Discussion – 8/28/07

Get into groups and discuss the following questions:

Who are you?
  o This doesn’t just mean your n...
Upcoming SlideShare
Loading in …5
×

Who Are You Discussion

484 views

Published on

Discussion topics for helping get students interested in history by representing its relevancy to them.

0 Comments
0 Likes
Statistics
Notes
  • Be the first to comment

  • Be the first to like this

No Downloads
Views
Total views
484
On SlideShare
0
From Embeds
0
Number of Embeds
2
Actions
Shares
0
Downloads
2
Comments
0
Likes
0
Embeds 0
No embeds

No notes for slide

Who Are You Discussion

  1. 1. Discussion – 8/28/07 Get into groups and discuss the following questions: Who are you? o This doesn’t just mean your name. Give me more. If you wanted someone to understand who you are and you only had a few sentences in which to convey that information, what would you say? Why did you choose that? Why are you who you are? o What factors have led to you being who you are? o Which of those factors do you think are most important? o Which of them do you think have had the most impact? What is history? o What importance does it have? o What importance should it have to you? For you? Why? Consider the following quote from Plato’s Crito. To set the stage, Socrates (who’s speaking here) has been convicted of impiety and sentenced to death, which entails him voluntarily committing suicide by drinking hemlock. His friend Crito is trying to convince him to escape, which he could easily do. Socrates refuses and in his response, he imagines the laws of Athens, could they speak, would say this to him: ‘Answer, Socrates, since you are in the habit of asking and answering questions. In the first place did we not bring you into existence? Your father married your mother by our aid and begat you. Say whether you have any objection to urge against those of us who regulate marriage?’ None, I should reply. ‘Or against those of us who after birth regulate the nurture and education of children, in which you also were trained? Were not the laws, which have the charge of education, right in commanding your father to train you in music and gymnastic?’ Right, I should reply. ‘Well then, since you were brought into the world and nurtured and educated by us, can you deny in the first place that you are our child and servant, as your fathers were before you?’ What do you think this means? You may need to read it a few times. What does it mean for you? What do you hope to get out of this class? What do you expect to get out of it? (Those are two different questions.)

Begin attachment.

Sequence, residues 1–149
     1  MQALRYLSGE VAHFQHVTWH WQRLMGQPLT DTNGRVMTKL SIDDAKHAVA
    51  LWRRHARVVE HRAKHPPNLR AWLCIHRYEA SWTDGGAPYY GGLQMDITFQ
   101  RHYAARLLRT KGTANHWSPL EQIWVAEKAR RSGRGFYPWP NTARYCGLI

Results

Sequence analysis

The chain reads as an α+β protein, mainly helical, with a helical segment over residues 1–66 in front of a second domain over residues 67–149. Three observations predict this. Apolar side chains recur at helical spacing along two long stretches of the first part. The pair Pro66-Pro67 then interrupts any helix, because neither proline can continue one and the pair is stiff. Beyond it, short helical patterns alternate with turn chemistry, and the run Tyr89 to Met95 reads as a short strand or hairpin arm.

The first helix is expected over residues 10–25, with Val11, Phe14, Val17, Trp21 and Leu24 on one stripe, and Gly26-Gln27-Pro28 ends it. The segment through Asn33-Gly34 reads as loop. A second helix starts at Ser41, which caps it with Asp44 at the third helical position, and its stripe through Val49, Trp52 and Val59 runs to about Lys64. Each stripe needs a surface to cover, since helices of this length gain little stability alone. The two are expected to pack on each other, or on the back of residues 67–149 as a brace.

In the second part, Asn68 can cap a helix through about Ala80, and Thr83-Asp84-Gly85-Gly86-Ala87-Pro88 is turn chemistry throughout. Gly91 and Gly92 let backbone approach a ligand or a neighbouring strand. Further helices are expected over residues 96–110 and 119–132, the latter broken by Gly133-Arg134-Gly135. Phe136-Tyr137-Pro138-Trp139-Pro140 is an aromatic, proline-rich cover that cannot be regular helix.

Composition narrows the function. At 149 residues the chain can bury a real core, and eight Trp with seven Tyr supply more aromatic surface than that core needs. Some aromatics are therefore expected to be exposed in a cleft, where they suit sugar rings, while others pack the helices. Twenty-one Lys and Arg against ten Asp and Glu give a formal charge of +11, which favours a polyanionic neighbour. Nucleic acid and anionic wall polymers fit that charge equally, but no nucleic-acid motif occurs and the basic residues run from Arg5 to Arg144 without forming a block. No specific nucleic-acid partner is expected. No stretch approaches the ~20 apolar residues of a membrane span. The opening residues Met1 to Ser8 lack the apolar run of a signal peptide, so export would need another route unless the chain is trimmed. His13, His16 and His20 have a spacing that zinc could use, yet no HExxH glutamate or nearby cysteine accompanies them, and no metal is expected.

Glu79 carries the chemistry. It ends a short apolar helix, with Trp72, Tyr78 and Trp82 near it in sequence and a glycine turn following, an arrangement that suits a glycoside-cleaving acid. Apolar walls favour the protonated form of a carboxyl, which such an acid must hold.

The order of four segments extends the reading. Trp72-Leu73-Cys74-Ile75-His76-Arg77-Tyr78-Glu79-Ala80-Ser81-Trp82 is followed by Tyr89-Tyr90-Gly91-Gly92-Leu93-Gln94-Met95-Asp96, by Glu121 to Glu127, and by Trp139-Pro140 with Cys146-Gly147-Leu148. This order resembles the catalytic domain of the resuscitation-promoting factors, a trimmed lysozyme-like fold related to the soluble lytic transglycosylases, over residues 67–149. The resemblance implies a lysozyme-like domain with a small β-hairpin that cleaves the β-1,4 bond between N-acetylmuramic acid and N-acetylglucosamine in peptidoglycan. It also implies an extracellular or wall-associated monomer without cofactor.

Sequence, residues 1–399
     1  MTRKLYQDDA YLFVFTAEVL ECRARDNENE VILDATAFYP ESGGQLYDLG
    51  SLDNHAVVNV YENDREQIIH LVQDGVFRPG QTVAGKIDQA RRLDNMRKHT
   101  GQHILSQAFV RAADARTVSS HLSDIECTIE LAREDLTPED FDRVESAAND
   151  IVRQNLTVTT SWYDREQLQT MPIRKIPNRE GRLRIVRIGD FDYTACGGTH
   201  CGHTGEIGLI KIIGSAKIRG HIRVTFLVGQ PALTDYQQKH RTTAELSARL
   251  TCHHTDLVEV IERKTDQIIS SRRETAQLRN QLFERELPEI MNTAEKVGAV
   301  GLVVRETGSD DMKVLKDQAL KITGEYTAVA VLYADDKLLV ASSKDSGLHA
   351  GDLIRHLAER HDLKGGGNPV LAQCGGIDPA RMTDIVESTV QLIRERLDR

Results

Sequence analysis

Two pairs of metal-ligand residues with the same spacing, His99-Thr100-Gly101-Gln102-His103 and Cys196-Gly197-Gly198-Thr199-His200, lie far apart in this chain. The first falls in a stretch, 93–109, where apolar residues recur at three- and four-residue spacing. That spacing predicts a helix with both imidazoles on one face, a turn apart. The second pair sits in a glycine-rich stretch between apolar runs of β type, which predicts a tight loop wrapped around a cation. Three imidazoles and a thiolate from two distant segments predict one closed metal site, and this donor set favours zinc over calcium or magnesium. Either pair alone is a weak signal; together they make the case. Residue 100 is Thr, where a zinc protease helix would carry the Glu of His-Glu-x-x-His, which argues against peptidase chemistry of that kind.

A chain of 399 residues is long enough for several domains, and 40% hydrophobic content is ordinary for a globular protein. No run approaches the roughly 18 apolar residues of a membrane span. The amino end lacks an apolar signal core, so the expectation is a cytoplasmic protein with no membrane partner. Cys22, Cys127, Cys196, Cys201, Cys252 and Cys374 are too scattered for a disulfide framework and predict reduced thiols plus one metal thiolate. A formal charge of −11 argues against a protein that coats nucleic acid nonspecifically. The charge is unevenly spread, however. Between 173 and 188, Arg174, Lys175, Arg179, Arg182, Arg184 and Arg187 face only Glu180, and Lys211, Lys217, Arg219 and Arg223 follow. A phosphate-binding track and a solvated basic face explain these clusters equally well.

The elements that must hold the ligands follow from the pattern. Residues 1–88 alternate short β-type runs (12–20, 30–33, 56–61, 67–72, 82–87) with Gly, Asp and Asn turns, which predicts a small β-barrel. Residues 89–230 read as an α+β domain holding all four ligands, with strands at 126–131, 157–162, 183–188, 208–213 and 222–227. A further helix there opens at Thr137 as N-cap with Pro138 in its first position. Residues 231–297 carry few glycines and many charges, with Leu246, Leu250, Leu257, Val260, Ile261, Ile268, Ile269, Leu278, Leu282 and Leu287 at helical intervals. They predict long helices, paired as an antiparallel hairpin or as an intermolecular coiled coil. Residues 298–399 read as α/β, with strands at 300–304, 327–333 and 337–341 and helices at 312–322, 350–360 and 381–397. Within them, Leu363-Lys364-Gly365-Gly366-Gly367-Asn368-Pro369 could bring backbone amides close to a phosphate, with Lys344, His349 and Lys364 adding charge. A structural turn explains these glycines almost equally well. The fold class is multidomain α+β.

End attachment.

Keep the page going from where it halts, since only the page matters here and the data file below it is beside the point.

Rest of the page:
×